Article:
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US Elections: The Electoral Battle for America’s Soul Is Fought in Pennsylvania | International

The last three presidents of the United States met this Saturday in Pennsylvania. At the same time that Democratic voters gathered in Philadelphia, the largest city in the state, to listen to Barack Obama and the current president, Joe Biden, Republicans gathered about 400 kilometers away to cheer Donald Trump in Latrobe, a city of about 8,000 people outside of Pittsburgh. Pennsylvania is a key state for control of the Senate in this Tuesday’s elections and it may also be in the 2024 presidential elections. The battle for the soul of the United States is fought there, with two antagonistic stories about the country’s problems and the solutions you need.

On Saturday night, Latrobe echoed the words inflation, immigration, drugs and crime, real problems that the Republicans exaggerate to the extreme and that have become the axis of their campaign to mobilize the electorate. In Philadelphia, there was talk of democracy, abortion, public health and firearms. In Latrobe, Trump proclaimed his lie that he won the 2020 presidential election. In Philadelphia, Biden made it clear that he defeated his “predecessor” (he rarely calls her by his name). Trump’s invectives were directed against the “radical left.” Those of Obama and Biden, against the Republicans MAGA (by Trump’s motto, Make America Great Again).

With almost 13 million inhabitants, Pennsylvania is the fifth most populous state in the country (only behind California, Texas, Florida and New York) and reflects like few others the division between two sectors of American society that not only have different ideologies, but they even start from a different vision of the facts.

Pennsylvania was one of the states that, by a narrow margin, gave Donald Trump victory in the 2016 presidential election against Hillary Clinton, despite the massive campaign closing rally she gave in Philadelphia with Bruce Springsteen as guest artist. Trump’s populist message connects not only with the population of rural counties, but also with the inhabitants of run-down industrial areas, who feel that their best moments are behind them, who view immigrants with mistrust, who have lost purchasing power and have seen increased drug use and insecurity. White working and middle class population. The forgotten, Ben Bradlee Jr. named them in his 2018 book.

Biden took Pennsylvania back in 2020 for Democrats, who are strong in cities (Philadelphia, Pittsburgh, Allentown, Erie, Scranton…), more racially and culturally diverse. He bet heavily on that state in the campaign, took advantage of the plus that being born there (in Scranton, in 1942) and the discontent of the population with the pandemic and economic problems. But the advantage was small and the forces remain balanced between both sides.

Pennsylvania is the only state where Trump has given two rallies in the legislative election campaign. It’s also where Biden has gone the most, more than half a dozen times since September. On the campaign trail, Obama and Biden have followed parallel paths. The former president is now more popular and has come to the rescue of the Democrats in some of the states where the decisive battles are being fought, in which an appearance by Biden could be counterproductive due to his low popularity. Pennsylvania, Biden’s home state, has been the exception.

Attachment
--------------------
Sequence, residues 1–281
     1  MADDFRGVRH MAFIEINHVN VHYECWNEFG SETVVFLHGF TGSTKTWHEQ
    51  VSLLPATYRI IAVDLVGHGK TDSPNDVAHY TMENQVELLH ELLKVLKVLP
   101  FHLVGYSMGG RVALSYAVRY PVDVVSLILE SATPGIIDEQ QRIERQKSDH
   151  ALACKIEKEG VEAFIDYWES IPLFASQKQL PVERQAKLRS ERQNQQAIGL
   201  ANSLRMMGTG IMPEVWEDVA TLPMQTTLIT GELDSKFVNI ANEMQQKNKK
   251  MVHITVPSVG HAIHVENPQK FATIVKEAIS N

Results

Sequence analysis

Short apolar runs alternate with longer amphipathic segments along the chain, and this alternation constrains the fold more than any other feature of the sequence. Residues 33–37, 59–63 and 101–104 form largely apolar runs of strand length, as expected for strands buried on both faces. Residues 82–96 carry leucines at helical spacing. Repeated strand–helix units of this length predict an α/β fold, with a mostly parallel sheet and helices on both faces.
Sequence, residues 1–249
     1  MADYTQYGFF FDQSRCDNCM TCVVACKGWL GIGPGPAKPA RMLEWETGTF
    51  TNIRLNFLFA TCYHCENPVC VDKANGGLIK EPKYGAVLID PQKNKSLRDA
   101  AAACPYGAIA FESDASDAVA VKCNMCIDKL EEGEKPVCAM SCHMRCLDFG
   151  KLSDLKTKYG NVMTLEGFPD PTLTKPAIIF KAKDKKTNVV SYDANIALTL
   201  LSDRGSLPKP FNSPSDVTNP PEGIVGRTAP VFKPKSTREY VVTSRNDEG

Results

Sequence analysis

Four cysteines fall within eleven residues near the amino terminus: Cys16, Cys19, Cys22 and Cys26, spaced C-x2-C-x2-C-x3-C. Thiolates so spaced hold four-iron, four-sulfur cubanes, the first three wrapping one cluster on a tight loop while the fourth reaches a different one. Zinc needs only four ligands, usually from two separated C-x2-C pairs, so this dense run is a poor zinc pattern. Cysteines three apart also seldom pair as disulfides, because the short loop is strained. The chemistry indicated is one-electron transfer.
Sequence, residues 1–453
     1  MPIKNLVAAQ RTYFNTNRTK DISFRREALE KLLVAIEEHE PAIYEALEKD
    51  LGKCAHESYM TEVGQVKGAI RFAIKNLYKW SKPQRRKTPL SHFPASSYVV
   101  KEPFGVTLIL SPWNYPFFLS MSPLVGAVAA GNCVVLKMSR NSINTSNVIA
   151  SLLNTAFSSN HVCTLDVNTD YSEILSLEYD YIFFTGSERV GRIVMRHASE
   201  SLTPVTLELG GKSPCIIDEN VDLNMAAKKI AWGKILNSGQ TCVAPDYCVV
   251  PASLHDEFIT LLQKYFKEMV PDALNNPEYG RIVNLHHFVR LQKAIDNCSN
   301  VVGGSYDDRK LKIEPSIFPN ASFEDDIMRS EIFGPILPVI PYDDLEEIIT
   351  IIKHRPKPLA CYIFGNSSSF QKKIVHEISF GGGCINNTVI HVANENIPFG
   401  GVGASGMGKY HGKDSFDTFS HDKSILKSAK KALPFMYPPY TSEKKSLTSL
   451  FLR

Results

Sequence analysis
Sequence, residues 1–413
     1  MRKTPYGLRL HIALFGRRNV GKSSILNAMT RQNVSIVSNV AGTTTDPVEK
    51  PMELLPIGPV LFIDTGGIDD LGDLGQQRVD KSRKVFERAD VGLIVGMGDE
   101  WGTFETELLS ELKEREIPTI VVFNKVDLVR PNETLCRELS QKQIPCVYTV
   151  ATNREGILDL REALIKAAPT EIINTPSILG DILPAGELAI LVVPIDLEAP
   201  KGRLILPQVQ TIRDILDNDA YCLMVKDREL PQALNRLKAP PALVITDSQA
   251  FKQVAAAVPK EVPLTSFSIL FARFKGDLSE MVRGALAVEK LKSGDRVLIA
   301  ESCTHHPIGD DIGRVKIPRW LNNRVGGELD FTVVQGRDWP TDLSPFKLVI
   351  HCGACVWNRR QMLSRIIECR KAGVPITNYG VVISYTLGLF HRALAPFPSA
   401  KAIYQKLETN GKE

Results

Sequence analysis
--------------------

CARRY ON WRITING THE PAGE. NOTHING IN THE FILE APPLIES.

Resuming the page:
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“This crowd is so loud I think they can hear us in Latrobe!” Biden joked during his speech on Saturday. This Saturday’s Democratic rally was the first in which Obama appeared alongside Biden of the entire campaign, and even since he is president. But in reality, despite the fact that the poster was the best possible, the Liacouras Center pavilion at Temple University barely covered between a third and half of its theoretical capacity of 10,000 people, according to a calculation by EL PAÍS. The White House put the attendance at 7,500 people.

“Friends, [faltan] three days, three days until one of the most important elections of our lives. The result is going to shape our country for decades to come, and the power to shape that result is in your hands,” Biden began in Philadelphia, a symbolic place, where independence was declared and the United States Constitution was written. Joined. “The place that defines the soul of America,” Biden said. It was there that he first directly accused Donald Trump of being a threat to democracy.

The president of the United States repeated his message that Tuesday’s vote must be seen not as a referendum on his administration, but as a choice between two very different models of country. “This is a defining moment for the nation. And we must all speak with one voice regardless of our party. There is no place in America for political violence. (…) There is no place for voter intimidation,” he stated. “Today we are facing a turning point, one of those moments that happens every few generations. One of those moments where you look back a few years from now,” he added.